Breaking free from inertia
אף מי שאינו נזהר מפת של עכו”ם, בעשרת ימי תשובה צריך לזהר
Even someone who normally eats [kosher] bread baked by a non-Jewish [baker], during the ten days of repentance one must be stringent [to only eat bread baked by a Jew]
The seven days between Rosh Hashanah and Yom Kippur, including the holidays themselves, are known as the aseres yemei teshuvah, the ten days of repentance. They are days reserved for introspection and correcting past faults, with the hopes to better one’s behavior for the upcoming year. There is a halacha, Jewish law, that one should try to take on extra chumros, stringencies, during this time. It’s not meant to be a lifetime commitment; just for these ten days. The paradigm example that is given is that for these ten days one should be careful to only eat bread baked by a Jew.
While it sounds nice that we’re encouraged to improve our religious performance, the way the law is formulated seems strange. What’s the point of practicing stringencies for only a temporary period? If anything, it appears a little hypocritical. We don’t normally hold ourselves to be on the level to keep these stringencies, but because it’s a serious time, it seems like we want to appear more holy. We keep them with every intention to stop once Yom Kippur is over. How can this law be properly understood?
The forty days leading up to Yom Kippur are akin to a less intense form of the aseres yemei teshuvah. They include the entire month of Elul, and finish with the ten days of repentance. Elul is understood to be an acronym for אני לדודי ודודי לי, I am my beloved’s and my beloved is mine. It is a time where Hashem is close to us, and wants us to be close to Him. In previous generations, it used to be that when people heard the blessing for the new month of Elul in shul, they would feel a tremendous sense of awe. Simply hearing the word Elul inspired them to draw closer to Hashem. We don’t experience this in our days. It’s so hard for us to relate to the time of year we find ourselves in. What has changed?
Rav Yisroel Salanter suggests two possible causes for the lack of inspiration. One is physical. It’s instinctual for a person to continue to act as they usually do, and it’s very difficult to break free from a habit. It’s a form of inertia, like a car stopping suddenly and all the packages inside continuing to move forward. Therefore, just because the month of Elul or the aseres yemei hateshuvah have arrived, doesn’t mean there will automatically be a change in behavior or attitude. The second cause is spiritual. Previous iniquities cause a spiritual blemish in a person, which can clout their judgement. It makes it very hard for the person to consider purifying their heart and fixing their actions.
How can people break out of their inertia? By creating a man-made wakeup call. It’s similar to waking up someone who is in a deep sleep by shaking them furiously. The cure is to increase the good deeds the person does. This is based on the idea that external actions awaken internal cognizance. Performing new actions by definition changes one’s routine. Those good deeds will then cause the person to start to internalize the messages of this season, and want to correct their ways for the future.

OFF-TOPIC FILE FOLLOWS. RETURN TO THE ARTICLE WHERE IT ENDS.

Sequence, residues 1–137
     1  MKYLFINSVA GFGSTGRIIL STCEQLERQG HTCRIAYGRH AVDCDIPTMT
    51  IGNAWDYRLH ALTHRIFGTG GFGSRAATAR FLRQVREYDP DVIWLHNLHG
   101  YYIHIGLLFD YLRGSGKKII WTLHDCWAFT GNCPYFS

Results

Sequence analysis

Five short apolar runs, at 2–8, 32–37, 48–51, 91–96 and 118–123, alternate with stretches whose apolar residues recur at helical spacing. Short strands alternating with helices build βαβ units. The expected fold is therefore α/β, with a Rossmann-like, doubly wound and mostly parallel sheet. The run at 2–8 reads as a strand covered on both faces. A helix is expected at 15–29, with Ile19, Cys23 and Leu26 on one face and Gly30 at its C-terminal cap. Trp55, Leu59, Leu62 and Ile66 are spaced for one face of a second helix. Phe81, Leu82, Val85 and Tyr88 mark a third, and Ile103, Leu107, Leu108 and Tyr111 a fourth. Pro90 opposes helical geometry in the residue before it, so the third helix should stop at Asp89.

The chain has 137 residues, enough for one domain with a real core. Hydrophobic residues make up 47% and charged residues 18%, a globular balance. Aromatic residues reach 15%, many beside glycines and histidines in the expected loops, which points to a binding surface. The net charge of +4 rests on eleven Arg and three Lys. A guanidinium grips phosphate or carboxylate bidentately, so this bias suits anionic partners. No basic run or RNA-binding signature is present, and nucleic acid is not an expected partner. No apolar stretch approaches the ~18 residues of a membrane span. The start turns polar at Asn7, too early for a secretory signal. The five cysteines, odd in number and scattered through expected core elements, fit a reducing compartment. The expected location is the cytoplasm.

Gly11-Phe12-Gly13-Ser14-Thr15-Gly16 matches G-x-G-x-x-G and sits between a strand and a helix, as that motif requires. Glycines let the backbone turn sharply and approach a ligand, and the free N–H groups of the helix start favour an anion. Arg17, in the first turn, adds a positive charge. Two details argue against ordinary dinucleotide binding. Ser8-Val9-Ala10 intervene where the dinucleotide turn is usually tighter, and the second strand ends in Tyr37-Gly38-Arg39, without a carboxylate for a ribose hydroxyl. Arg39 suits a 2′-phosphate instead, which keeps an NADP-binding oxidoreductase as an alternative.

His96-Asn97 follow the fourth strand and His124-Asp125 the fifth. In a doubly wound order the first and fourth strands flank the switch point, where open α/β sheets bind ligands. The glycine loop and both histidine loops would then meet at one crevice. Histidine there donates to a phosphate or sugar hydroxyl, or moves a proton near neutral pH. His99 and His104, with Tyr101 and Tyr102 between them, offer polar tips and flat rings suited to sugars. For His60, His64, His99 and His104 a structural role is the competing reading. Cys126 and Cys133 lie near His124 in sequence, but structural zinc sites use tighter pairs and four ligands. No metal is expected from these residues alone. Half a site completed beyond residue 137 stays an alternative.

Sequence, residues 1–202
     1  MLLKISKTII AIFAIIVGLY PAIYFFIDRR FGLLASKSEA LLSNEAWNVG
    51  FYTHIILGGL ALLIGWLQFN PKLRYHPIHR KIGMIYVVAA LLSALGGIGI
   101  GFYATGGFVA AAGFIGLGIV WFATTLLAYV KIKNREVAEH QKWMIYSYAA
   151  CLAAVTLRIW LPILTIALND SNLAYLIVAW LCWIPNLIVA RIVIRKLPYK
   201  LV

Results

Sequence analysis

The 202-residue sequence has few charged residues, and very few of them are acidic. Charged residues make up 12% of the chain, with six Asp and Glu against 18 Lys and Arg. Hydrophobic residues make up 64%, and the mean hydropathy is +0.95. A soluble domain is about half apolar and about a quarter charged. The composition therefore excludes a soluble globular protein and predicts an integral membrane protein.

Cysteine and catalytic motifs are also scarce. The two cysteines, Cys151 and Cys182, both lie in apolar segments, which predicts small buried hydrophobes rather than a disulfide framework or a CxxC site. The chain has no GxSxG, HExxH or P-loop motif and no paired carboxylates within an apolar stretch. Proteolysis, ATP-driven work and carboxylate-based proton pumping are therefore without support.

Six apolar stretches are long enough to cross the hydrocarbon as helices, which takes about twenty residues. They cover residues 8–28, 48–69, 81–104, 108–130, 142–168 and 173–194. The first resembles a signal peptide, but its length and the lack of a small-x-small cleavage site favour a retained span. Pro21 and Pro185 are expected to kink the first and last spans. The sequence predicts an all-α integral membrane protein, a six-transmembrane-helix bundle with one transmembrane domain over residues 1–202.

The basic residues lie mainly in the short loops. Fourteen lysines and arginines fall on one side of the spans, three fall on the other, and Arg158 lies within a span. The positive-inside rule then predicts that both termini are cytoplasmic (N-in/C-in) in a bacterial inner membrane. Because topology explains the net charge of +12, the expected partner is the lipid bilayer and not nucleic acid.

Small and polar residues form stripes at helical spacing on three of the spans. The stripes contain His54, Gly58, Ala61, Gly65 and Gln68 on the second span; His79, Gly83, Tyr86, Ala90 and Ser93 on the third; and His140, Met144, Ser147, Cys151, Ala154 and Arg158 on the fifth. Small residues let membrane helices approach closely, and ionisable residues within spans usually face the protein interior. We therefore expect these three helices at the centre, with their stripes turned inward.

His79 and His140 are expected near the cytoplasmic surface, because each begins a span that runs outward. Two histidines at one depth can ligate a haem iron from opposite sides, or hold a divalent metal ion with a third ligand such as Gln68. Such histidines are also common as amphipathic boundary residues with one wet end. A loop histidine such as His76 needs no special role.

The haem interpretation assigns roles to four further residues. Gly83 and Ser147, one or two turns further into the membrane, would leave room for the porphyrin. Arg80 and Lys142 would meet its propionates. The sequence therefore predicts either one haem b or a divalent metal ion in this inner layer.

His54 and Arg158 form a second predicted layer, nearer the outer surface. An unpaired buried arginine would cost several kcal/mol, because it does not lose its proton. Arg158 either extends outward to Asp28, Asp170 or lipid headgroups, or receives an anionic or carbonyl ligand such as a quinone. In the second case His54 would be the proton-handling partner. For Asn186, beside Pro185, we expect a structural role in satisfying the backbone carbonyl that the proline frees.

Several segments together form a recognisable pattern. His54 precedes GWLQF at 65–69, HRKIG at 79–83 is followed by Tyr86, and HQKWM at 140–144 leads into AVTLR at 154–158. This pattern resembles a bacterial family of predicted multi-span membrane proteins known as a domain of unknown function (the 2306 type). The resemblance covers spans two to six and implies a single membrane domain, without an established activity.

This is the idea behind taking on chumros, stringencies, during the aseres yemei teshuvah. Chazal are teaching us the proper way to fix one’s ways. Once a person starts taking on new good deeds, this will awaken their inner conscience. They’ll automatically become closer to Hashem. Even the tiniest of added good deeds, even those that are temporary, do the job. This is what it takes to break free from routine.
Kesivah VeChasima Tovah! May we all be inscribed in the book of life.
 Based on Sifsei Chaim (written based on the teachings of Rav Chaim Friedlander), Moadim I: Elul, הכנה ליום הדין ע”י שינוי הרגלים
 See Mishnah Berurah § 603 s.k. 1
 Shulchan Aruch Orach Chaim 603:1
 The Mishnah Berurah ad. loc. s.k. 2 quotes the Ye’aros Devash I § 1 that the seven days between Rosh HaShanah and Yom Kippur are representative of the entire past year. The Sunday of the aseres yemei teshuvah represents every Sunday of the past year. It’s an opportunity to correct any wrongs that were committed on any Sunday of the past year. Same with Monday, Tuesday, etc.
 Michtav MeEliyahu II p. 56
 See Mishnah Berurah § 581 s.k. 1
 Song of Songs 6:3
 As reported by Rav Yisroel Salanter in Ohr Yisroel § 14
 Sifsei Chaim loc. cit. demonstrates just how strong the force of habit is. Chazal teach (Sukkah 52a) that in the future the yetzer hara, the evil inclination, will be slaughtered by Hashem. At his “funeral”, it says the men will need to be separate from the women. Even once the force of sin is gone, since people are so accustomed to indecent acts, it will still be required to keep the genders separate! See Michtav MeEliyahu III p. 41 for another example
 In previous generations however, they spent the entire year doing good and serving Hashem. Therefore, it was easy for them to strengthen their resolve during the forty days leading up to Yom Kippur (Ohr Yisroel loc. cit.)
 An idea that permeates Sefer HaChinuch (for example, see § 16), and made famous by Mesillas Yesharim at the end of Chapter 7
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